• Graphics in eLearning

    Researchers have time and again been involved in studies that identify patterns on learning in various groups of people. Whether it’s a group of children or adult learners, one explanation holds true for all. It has been observed that learners understand better when instruction is presented in the form of text and images compared to text alone.  An even better concoction is less text accompanied with elaborate narration and graphics. Let’s take a look at the diagram below:

    Hydrologic Cycle

    Hydrologic Cycle


    This graphical representation alone will be easier for students to understand how precipitation takes place and will be retained for a longer duration than a two-page write-up on the hydrologic cycle which will most probably be forgotten the very next day.

    The main principle of conveying a concept, principle or procedure through visual representation is that the learner may not experience cognitive load which may defeat the goal of instruction altogether. Use of graphics is not enough; a visual representation should be effective and fulfill the objectives by being logically and aesthetically sound for any e-learning course content. Astonishingly, many instructional designers falter in this area. The choice of multimedia will largely depend on the learner group characteristics, the complexity of content, and the goal of instruction.

    Here is a list of simple points that instructional designers should keep in mind while working with graphic developers.

    1. Choosing an image or graphical representation also depends on the role or function the graphic is going to play in a course and the level of importance that graphic play in aiding text to enhance retention. For example, an image may just be used for aesthetic purpose only and may not contribute much to the content. Other functions of graphics may be as follows:

    • Depiction of something, illustration of how an object might look in real life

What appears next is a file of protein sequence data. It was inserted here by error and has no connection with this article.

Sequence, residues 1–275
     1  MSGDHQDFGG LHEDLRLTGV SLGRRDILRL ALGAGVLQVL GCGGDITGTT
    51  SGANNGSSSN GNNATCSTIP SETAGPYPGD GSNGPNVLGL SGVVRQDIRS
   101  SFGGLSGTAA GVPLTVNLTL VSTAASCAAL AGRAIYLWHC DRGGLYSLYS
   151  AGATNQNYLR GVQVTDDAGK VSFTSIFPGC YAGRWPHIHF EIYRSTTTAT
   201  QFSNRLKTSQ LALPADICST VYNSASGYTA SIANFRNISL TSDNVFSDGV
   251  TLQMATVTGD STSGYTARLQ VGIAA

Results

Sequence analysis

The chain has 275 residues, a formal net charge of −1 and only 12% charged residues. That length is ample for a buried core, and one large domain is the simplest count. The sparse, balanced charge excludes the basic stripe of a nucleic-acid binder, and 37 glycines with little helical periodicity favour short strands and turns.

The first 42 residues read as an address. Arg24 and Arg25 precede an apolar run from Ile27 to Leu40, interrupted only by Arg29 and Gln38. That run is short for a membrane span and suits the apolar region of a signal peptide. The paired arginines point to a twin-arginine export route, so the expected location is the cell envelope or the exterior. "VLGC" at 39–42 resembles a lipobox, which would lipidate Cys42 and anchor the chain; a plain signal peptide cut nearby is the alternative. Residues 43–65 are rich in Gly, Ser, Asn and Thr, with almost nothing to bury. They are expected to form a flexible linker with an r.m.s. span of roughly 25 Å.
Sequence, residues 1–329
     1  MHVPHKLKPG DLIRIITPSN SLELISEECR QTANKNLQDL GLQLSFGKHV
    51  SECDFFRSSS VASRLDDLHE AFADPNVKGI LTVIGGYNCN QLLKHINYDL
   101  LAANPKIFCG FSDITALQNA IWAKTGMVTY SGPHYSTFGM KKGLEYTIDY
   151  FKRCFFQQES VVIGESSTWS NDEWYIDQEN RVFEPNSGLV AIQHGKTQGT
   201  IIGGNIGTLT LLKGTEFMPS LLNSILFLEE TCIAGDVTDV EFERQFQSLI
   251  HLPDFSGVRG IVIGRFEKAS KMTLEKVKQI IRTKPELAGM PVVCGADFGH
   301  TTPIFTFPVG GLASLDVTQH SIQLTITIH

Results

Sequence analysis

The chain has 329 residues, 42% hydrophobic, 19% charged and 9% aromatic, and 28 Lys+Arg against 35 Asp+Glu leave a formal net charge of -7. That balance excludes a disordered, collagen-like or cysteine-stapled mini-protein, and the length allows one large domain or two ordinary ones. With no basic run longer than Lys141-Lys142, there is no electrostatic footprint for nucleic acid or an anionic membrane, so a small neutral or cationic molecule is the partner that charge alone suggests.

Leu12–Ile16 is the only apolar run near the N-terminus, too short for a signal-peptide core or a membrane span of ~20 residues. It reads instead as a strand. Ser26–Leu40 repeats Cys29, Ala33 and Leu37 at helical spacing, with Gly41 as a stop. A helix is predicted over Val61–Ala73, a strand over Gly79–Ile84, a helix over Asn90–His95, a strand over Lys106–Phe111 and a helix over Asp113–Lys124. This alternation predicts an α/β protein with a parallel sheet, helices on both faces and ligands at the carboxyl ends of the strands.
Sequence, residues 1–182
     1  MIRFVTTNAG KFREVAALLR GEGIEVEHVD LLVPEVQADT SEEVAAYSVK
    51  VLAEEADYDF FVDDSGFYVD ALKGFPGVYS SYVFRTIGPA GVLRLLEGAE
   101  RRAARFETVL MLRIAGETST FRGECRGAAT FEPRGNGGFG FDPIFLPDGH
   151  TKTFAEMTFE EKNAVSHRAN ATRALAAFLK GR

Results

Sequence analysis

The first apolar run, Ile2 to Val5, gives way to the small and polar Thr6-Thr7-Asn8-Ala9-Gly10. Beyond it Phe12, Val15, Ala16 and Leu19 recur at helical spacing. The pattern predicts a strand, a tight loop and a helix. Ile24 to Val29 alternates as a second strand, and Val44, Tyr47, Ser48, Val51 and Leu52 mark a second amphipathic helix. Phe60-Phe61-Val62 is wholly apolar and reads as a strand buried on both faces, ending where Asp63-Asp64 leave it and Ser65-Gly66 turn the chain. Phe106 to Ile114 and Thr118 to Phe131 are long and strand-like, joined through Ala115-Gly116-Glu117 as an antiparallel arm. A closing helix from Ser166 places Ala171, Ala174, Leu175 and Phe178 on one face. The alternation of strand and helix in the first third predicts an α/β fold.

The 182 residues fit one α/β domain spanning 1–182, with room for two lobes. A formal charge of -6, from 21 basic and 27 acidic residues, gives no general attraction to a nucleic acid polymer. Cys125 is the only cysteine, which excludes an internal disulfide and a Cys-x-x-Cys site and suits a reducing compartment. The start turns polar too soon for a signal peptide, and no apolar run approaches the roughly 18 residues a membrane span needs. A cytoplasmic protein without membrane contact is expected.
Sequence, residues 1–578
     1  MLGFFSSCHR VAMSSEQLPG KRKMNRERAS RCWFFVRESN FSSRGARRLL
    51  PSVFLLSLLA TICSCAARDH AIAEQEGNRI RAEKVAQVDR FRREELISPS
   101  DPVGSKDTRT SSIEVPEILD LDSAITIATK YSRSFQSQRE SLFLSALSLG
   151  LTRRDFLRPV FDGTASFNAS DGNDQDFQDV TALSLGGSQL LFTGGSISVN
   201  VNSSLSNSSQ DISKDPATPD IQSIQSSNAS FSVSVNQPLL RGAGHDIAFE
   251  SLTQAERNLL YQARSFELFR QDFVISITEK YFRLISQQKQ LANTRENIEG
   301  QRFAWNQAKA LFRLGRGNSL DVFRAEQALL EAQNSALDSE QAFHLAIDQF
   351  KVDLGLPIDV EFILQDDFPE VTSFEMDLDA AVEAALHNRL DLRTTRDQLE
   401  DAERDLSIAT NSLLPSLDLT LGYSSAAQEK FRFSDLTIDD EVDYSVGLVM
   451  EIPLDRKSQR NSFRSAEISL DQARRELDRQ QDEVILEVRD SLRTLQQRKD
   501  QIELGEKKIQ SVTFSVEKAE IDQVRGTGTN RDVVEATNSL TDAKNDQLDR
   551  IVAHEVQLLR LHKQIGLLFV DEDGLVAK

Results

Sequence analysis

• Show relationship between two objects or show workflows; e.g., flowcharts
    • Showing change in an object, structure or person over time.
    • Illustrate a cause and effect relation; i.e. depiction of a principle like demand and supply

    2. Learner’s characteristics and age group is a major factor of consideration while choosing/creating appropriate graphics.  For e.g., a course for 20-25 yrs sales reps in the automobile sector can use a lot of bright colors and trendier design than that produced for a more mature audience.

    3. Type of content is yet another importance deciding factor. Graphics are mainly used to communicate something to the learner. If a graphic representation does not complement the text with it, it may be futile to use it in the first place. For e.g., entirely different sets of graphics will be used to teach processes (flowcharts/workflows) and causal relationship (graphs).

    4. While communicating complex learning objects, the simplicity of graphics should also be kept in mind. For example, a difficult and lengthy procedure can be shown with the help of numbered image for each step which will help the learner to understand them in sequence and also what needs to be done at each step.

    There are many more technical aspects to creation and application of graphics when considered from a developer’s point of view. We hope to cover those in another article. The mentioned points should be used as checkboxes to see whether each of these areas have been given enough though before involving resources and getting into production.